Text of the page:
Scientific Journal Writing Guide

Jurnal

There are many guides that can help you in writing a scientific journal. This one guide may be a reference and for detail you can find here : essays online

Common formats for scientific journals usually consist of:

1. Title;
2. Abstract;
3. Introduction;
4. Materials and methods;
5. Results;
6. Discussion;
7. Conclusion;
8. References.

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1. Title
Every scientific journal should have a clear title. Reading the title will make it easier for the reader to know the essence of the journal without having to read the entire journal. For example, the title “Biology Lab Report”. With titles like this, then no readers will read it because it does not describe the contents of the journal. Examples of clear titles, such as “Effect of Light and Temperature on Population Growth of Escherichia Coli Bacteria”. This title has been a bit much to report the contents of the journal.

2. Abstract
The abstract is different from the summary. Abstract section in scientific journals serves to digest briefly the contents of the journal. The abstract here is intended to be an explanation without reference to the journal.
The abstract section should present about 250 words that summarize objectives, methods, results, and conclusions. Do not use abbreviations or abstracts. In the abstract should be able to stand alone without footnotes. This abstract is usually written last. An easy way to write an abstract is to quote the most important points in each section of the journal. Then use the points to construct a short description of your study.

3. Introduction
Introduction is a statement of the case you are investigating, which informs the reader to understand your specific objectives within a larger theoretical framework. This section may also include background information on issues, such as a summary of any research that has been conducted and how an experiment will help to explain or expand knowledge in the general field. All background information collected from other sources should be a quote.

Note: Do not make the introduction too broad. Just remember that you write a journal for colleagues who also have the same knowledge as you.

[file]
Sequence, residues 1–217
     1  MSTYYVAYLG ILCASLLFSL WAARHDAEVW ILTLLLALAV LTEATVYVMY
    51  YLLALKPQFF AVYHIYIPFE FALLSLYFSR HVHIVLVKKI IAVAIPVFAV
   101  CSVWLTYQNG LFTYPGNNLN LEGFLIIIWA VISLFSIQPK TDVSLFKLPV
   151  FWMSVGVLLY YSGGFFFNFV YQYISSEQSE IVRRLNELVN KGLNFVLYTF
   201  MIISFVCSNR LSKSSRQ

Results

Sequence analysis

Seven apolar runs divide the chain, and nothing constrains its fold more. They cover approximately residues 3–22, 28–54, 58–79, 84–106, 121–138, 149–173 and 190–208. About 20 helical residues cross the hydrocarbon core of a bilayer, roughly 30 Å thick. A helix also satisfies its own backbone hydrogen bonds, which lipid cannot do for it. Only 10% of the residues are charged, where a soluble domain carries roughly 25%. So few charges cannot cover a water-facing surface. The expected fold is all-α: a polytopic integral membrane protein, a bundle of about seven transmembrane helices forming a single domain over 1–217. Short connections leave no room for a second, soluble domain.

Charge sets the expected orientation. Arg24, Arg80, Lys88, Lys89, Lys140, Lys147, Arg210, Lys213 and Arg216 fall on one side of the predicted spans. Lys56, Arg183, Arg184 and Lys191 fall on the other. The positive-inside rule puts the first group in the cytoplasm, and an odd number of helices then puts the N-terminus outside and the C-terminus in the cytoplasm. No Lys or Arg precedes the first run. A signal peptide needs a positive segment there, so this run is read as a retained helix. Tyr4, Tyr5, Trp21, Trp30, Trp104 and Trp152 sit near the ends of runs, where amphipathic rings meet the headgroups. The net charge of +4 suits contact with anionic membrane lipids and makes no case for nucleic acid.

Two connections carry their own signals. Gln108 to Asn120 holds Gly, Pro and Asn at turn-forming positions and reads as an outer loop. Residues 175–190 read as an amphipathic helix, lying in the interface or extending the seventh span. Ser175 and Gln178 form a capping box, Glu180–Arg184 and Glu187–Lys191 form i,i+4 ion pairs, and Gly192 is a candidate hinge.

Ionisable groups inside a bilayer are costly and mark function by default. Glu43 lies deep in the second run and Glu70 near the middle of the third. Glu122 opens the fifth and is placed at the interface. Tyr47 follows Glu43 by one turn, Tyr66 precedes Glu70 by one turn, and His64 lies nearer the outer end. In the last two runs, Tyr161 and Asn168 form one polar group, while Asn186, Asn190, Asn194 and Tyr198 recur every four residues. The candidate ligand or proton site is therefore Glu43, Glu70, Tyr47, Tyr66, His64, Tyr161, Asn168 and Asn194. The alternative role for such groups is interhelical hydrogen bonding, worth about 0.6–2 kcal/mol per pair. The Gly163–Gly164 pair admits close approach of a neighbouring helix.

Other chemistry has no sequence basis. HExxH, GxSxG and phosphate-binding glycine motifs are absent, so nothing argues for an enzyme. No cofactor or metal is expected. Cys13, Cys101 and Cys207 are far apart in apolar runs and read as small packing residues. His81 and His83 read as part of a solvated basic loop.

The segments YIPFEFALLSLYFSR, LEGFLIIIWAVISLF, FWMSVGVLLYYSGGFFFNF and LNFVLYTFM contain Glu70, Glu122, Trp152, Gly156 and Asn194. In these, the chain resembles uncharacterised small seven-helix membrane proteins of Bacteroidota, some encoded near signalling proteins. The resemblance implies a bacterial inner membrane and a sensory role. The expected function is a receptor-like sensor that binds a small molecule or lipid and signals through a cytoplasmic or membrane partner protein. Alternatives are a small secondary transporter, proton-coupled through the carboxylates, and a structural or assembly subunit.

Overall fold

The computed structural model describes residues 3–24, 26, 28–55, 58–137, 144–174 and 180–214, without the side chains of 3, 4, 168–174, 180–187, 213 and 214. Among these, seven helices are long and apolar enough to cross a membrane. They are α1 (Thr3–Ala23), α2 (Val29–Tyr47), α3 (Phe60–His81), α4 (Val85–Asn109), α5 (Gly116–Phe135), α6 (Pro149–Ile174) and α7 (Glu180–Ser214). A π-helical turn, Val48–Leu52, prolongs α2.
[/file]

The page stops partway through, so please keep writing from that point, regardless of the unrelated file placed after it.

4. Materials and Methods
This section describes when the experiment has been performed. The researcher explains experimental design, equipment, data collection methods, and control types. If the experiment is done in nature, then the author describes the research area, location, and also describes the work done. The general rule to keep in mind is that this section should describe in detail and clearly so that the reader has the basic knowledge and techniques to be duplicated.

5. Results
Here the researcher presents concise data with reviews using narrative text, tables, or drawings. Remember only the results presented, there is no interpretation of data or conclusions from the data in this section. The data collected in the table / picture should be accompanied by a narrative text and presented in an easily understandable form. Do not repeat at length the data presented in tables and drawings.

6. Discussion
In this section, researchers interpret data with observed patterns. Any relationships between experiment variables are important and any correlation between variables can be seen clearly. The researcher should include a different explanation of the hypothesis or outcome that is different or similar to any related experiments performed by other researchers. Remember that every experiment does not always have to show a big difference or a tendency to be important. Negative results also need to be explained and may be important to change in your research.

7. Conclusion
This section simply states that the researcher thinks about each data presented relating back to the question stated in the introduction. With reference to the introduction and conclusion, a reader should have a good idea of ‚Äč‚Äčthis research, even if only specific details.

8. References
All the information (quotations) that researchers get should be written alphabetically in this section. It is useful for readers who want to refer to the original literature. Note that the references cited are actually mentioned in your journal.

Happy writing!